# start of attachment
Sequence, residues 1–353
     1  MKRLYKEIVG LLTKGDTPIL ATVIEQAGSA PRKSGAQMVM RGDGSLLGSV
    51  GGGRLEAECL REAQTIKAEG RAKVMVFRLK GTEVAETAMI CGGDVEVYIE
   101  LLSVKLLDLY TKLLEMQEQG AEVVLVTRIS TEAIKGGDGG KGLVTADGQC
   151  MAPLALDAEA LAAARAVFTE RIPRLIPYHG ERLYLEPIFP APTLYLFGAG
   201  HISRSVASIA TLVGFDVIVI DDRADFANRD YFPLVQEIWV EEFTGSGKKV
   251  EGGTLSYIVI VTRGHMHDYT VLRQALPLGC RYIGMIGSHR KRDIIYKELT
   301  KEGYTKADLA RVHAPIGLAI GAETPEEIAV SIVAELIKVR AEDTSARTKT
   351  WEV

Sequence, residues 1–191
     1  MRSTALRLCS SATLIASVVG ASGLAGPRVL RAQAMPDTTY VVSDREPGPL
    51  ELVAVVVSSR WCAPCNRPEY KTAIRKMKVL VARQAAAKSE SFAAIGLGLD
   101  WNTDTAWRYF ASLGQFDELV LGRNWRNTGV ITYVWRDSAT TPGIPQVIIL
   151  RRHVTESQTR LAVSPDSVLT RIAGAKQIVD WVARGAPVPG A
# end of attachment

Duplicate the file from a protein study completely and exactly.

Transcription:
Sequence, residues 1–353
     1  MKRLYKEIVG LLTKGDTPIL ATVIEQAGSA PRKSGAQMVM RGDGSLLGSV
    51  GGGRLEAECL REAQTIKAEG RAKVMVFRLK GTEVAETAMI CGGDVEVYIE
   101  LLSVKLLDLY TKLLEMQEQG AEVVLVTRIS TEAIKGGDGG KGLVTADGQC
   151  MAPLALDAEA LAAARAVFTE RIPRLIPYHG ERLYLEPIFP APTLYLFGAG
   201  HISRSVASIA TLVGFDVIVI DDRADFANRD YFPLVQEIWV EEFTGSGKKV
   251  EGGTLSYIVI VTRGHMHDYT VLRQALPLGC RYIGMIGSHR KRDIIYKELT
   301  KEGYTKADLA RVHAPIGLAI GAETPEEIAV SIVAELIKVR AEDTSARTKT
   351  WEV

Sequence, residues 1–191
     1  MRSTALRLCS SATLIASVVG ASGLAGPRVL RAQAMPDTTY VVSDREPGPL
    51  ELVAVVVSSR WCAPCNRPEY KTAIRKMKVL VARQAAAKSE SFAAIGLGLD
   101  WNTDTAWRYF ASLGQFDELV LGRNWRNTGV ITYVWRDSAT TPGIPQVIIL
   151  RRHVTESQTR LAVSPDSVLT RIAGAKQIVD WVARGAPVPG A